Unfortunately, poor hermeneutics, as evidenced in EMM and Peretti’s novels, is epidemic in the contemporary church. In twenty-two years of ministry, I have read a shelf full of books on spiritual warfare from numerous theological perspectives, and all were essentially based on EMM. Without exception, those books failed to remain true to the Scriptures and propagated ideas and practices that were inherently unbiblical. In every case, I could trace these unbiblical ideas and practices to the fact that the books’ authors were not doing proper hermeneutics, which led to their espousing bad theology and practice.
In contrast, Powlison bases his scriptural arguments in Power Encounters on sound principles of biblical interpretation and exegesis. He looks at relevant passages in both the Old and New Testaments, and does a thorough but succinct job of unpacking them. His conclusions are well stated, and supportive of his proposition that classical spiritual warfare is indeed the biblical mode of warfare. In fact, after reading Powlison’s scriptural arguments, one cannot help but conclude that EMM’s problems are fundamentally a matter of bad hermeneutics, which have resulted in unscriptural theology and practice.
Powlison’s hermeneutical skills are especially evident on page 128 where he unpacks two EMM, proof texts,
One of the critical theological points that Powlison makes is in chapter five, where he examines Jesus’ ministry in the Synoptic Gospels. In this examination, he unpacks the difference between situational evil and moral evil. He explains that situational evil includes aspects of life like suffering, hardship, death and demonization. These aspects are situational because they are the result of external circumstances. In contrast, moral evil is due to the wickedness that resides in the human heart. Powlison demonstrates that Jesus dealt with the situational evil of demonization by casting out the demons, but he dealt with moral evil by calling people to repentance and faith in himself as Messiah and Lord. This point is critical because it destroys the primary scriptural and theological basis which EMM adherents claim for their practice of spiritual warfare.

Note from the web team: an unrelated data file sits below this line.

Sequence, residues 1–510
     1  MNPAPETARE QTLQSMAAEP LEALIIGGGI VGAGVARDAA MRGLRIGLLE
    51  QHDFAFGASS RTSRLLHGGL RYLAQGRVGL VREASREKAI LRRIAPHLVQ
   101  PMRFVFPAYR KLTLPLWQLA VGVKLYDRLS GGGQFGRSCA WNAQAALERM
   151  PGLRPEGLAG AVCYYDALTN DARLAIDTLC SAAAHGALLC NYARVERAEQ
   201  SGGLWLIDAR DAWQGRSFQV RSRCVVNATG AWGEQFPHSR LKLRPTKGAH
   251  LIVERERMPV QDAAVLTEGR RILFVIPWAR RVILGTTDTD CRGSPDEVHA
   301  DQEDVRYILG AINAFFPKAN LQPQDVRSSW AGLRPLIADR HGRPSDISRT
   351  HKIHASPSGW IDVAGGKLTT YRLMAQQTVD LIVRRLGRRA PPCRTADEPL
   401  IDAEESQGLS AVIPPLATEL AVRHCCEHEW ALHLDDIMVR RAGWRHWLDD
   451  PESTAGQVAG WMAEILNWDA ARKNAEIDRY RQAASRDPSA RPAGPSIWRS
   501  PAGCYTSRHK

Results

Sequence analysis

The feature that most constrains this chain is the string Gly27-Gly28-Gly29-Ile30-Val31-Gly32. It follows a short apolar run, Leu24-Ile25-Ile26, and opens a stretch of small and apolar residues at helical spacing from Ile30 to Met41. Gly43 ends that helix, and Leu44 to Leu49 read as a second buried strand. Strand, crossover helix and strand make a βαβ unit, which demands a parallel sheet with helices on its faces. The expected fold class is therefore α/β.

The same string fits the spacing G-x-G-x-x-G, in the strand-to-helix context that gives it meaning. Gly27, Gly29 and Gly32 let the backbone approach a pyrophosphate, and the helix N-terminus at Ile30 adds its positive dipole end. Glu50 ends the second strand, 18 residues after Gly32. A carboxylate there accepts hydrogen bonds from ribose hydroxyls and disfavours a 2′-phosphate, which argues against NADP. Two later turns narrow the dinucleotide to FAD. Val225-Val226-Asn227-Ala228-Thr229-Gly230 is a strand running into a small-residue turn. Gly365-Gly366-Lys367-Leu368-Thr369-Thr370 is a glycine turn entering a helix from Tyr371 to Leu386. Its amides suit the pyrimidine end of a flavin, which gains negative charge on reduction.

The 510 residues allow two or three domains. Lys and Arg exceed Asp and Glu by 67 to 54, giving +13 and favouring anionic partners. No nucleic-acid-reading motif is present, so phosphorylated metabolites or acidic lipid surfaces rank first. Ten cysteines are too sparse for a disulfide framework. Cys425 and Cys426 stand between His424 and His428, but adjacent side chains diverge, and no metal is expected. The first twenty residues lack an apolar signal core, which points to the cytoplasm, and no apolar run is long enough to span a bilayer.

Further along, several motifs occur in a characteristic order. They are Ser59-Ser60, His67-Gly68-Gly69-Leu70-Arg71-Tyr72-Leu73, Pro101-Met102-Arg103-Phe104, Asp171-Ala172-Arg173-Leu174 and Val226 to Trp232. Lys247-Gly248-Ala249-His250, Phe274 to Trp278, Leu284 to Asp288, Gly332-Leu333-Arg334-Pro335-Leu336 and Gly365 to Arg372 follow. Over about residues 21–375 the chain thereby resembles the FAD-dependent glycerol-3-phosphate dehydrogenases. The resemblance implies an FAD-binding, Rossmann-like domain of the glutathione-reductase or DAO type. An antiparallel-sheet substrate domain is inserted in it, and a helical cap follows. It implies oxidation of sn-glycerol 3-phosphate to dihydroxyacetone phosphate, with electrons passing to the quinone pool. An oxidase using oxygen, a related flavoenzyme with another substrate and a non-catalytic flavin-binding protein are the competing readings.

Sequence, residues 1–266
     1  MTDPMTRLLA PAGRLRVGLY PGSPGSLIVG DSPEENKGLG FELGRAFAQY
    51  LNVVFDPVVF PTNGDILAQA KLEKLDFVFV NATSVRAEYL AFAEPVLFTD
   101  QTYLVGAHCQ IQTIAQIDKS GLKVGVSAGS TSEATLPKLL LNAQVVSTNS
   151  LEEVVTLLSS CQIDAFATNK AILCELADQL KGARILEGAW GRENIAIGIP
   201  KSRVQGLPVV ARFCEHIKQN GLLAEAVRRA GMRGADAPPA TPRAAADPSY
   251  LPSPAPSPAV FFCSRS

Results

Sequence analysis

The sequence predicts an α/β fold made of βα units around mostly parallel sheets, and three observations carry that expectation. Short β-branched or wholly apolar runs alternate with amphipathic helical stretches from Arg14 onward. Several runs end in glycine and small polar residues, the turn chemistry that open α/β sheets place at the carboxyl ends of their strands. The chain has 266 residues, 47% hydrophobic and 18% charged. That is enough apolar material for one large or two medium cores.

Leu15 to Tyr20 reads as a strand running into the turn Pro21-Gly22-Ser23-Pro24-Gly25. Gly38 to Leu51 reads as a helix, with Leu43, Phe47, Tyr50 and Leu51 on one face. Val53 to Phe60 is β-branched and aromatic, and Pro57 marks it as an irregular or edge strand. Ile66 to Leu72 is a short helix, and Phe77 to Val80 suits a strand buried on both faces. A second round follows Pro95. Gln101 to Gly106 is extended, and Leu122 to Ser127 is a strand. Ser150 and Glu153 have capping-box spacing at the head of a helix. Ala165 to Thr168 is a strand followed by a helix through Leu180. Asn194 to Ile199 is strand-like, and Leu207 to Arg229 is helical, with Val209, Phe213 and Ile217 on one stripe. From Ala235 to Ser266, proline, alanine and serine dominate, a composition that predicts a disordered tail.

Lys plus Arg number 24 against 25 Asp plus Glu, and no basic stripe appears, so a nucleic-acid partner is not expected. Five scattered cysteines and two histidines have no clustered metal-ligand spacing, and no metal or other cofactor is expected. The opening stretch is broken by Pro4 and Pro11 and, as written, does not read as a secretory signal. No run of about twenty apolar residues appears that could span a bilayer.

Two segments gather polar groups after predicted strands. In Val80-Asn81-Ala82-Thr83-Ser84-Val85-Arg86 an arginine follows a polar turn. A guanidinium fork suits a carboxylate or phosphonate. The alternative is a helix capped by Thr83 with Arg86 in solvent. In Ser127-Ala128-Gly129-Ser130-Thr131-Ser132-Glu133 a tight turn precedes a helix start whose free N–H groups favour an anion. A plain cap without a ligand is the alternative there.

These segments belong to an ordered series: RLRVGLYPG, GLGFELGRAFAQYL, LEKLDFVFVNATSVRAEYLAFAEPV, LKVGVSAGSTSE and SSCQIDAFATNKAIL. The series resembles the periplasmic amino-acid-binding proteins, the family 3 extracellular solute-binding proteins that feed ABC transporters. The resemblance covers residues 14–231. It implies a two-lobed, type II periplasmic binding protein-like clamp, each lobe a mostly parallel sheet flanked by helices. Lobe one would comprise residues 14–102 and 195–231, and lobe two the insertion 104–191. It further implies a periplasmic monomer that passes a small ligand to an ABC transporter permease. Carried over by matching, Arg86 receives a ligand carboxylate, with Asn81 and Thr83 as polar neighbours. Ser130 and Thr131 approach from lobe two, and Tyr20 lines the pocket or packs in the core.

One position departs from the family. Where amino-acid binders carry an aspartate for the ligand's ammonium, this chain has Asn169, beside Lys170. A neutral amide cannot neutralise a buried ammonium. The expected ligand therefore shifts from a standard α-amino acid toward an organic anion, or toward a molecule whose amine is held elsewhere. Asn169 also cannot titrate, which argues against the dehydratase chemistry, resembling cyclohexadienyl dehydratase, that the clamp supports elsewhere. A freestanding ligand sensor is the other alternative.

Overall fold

In addition to dealing with hermeneutical and theological issues, Power Encounters makes a couple of important points about EMM that we dare not miss in chapter nine. A significant point that grabbed my attention was that Christians who have turned to psychology and those who have turned to EMM have much in common. Each has turned away from the classic spiritual warfare and embraced a system that cannot help them. Psychology redefines sin and EMM blames it on evil spirits. Both of these enable one to avoid responsibility for sin. Therefore, there is no confession or repentance, just continuing bondage to sin and ignorance concerning the sufficiency of Scripture to deliver and heal.
Another critical point that Powlison makes in chapter 9 is in response to a question; If EMM is unbiblical, then why have some experienced success with it? Powlison’s short answer is the grace of God. His long answer is that God will honor that in EMM which is true, and will grant grace and deliverance to someone who has a truly repentant heart. I know this to be true from my own experience. Many years ago, under the influence and direction of EMM books, I sought deliverance from a particular besetting sin. The Lord in his mercy delivered me, even though I was theologically confused and misinformed.
Powlison’s Power Encounters is a book with which I am highly impressed and will recommend without reservation. Frankly, it is the best the book I have ever read on the topic of spiritual warfare. Every pastor and biblical counselor should read it. I wish I had read the book in 1995 when it first came out. Reading it would have saved me from learning many of its truths the hard way. My hope is Power Encounters will soon be reprinted so many others in the body of Christ will have the opportunity to be edified by it.